In 2005, 56 West African migrants, including 44 Ghanaians were murdered in The Gambia en route to Europe. The unarmed migrants were killed by the “Junglers”, a death squad reporting directly to President, Yahya Jammeh, Gambia’s dictator at the time. Evidence has since emerged that Yahya Jammeh, gave the orders to kill them. The families of the victims are still seeking justice.

At the time of release of this documentary, Yahya Jammeh is in exile in Equatorial Guinea. ©ANEKED

'Gambia-victims, and resisters' portrait of journalist, Pa Modou Faal. Image ©Jason Florio & Helen Jones-Florio #Portraits4PositiveChange
‘Gambia-victims, and resisters‘. Journalist, Pa Modu Faal. Image ©Jason Florio/Helen Jones-Florio

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Photographers, Jason Florio & Helen Jones-Florio - portrait courtesy Joanna Demarco, The Gambia, West Africa
Photographers/filmmakers, Jason Florio & Helen Jones-Florio – portrait courtesy Joanna Demarco, The Gambia, West Africa

From 1994 -2017 President Yahya Jammeh ruled The Gambia, West Africa, as his own personal fiefdom, crushing dissent, and opposition, with brutality.

His personal hit squad and intelligence agency carried out tortures, and assassinations with impunity – journalists were gunned down and disappeared, ministers were jailed, students shot in cold blood, and even his own brother and sister were murdered on his orders.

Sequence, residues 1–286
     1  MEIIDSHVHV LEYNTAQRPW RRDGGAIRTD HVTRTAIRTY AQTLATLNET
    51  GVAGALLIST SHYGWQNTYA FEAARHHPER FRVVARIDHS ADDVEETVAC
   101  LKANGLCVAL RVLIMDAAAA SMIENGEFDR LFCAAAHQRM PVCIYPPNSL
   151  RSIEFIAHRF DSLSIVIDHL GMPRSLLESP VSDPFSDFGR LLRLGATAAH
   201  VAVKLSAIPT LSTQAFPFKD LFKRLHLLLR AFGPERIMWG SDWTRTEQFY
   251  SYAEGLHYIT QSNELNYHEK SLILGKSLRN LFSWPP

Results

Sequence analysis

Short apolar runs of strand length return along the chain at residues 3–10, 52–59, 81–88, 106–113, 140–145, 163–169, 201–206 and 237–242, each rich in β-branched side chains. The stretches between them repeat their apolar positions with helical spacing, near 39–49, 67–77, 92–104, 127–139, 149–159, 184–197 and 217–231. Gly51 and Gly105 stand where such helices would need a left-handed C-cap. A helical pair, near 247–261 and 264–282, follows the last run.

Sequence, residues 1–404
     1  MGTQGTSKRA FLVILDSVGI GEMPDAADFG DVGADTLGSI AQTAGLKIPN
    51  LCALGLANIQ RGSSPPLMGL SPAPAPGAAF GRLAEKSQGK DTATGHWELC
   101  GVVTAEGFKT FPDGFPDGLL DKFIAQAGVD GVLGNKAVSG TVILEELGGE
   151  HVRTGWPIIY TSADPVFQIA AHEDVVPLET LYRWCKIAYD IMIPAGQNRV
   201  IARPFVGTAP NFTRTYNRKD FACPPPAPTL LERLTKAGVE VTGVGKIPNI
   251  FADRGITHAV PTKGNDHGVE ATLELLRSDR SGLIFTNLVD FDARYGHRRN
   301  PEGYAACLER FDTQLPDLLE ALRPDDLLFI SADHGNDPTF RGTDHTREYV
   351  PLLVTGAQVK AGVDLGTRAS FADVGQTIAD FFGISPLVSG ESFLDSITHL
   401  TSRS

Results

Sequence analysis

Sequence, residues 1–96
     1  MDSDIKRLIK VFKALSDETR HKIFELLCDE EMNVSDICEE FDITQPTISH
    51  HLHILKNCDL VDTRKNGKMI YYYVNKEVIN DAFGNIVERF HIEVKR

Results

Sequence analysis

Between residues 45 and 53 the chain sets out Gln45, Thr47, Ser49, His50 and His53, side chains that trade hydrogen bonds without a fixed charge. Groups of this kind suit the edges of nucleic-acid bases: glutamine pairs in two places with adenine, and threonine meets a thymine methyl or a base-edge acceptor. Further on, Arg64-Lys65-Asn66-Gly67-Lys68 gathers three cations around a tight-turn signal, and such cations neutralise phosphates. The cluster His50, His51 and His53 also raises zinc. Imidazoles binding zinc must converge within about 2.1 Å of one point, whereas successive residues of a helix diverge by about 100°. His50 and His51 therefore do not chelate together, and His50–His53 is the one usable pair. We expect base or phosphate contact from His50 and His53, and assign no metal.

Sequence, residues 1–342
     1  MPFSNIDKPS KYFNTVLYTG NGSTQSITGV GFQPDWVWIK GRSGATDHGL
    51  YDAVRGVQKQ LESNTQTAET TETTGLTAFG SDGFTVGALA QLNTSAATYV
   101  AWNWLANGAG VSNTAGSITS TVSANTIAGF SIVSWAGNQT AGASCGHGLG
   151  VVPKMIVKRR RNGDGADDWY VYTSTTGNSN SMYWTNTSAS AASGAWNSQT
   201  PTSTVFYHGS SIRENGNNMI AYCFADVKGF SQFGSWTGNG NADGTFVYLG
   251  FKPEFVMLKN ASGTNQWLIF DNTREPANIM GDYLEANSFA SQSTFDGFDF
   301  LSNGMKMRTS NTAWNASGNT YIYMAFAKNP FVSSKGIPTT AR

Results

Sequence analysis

With Jammeh’s 2016 election defeat, he went into exile after a standoff with regional forces, and the victims of his regime started to come forward.

So far, over one thousand victims and their families have registered with the Gambia Centre for Victims of Human Rights Violations to share their stories and help build international support to bring Jammeh to justice.

#Jammeh2Justice

This multi-media series is a work in progress – which began at the end of 2016, just before Jammeh was ousted (when we met Gambian dissidents who were hiding out in neighbouring Senegal). Helen and I, have many more portraits to make, and testimonies to film. We are forever indebted to all those who have shared their stories with us so far. View more from the series on my website floriophoto.com

Jason Florio

Photographer & Filmmaker

Current Location: September 2020 – Malta

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PRESS: El Pais - 'Gambia, The Hidden Horrors of Africa's Silent Dictatorship'. Images by Jason Florio/Helen Jones-Florio

Press: El Pais – ‘Gambia, The Hidden Horrors of Africa’s Silent Dictatorship’

Press: El Pais – Gambia, The Hidden Horrors of Africa’s Silent Dictatorship

– Three years after the fall of the Gambian dictator Yahya Jammeh, pressured by the street after losing at the polls, a commission (Truth, Reconciliation and Reparations – TRRC) brings to light the terrible crimes committed for two decades, supported by its apparatus of repression, the collusion of justice and the outside inaction – Read the full feature El Pais / words by José Naranjo Noble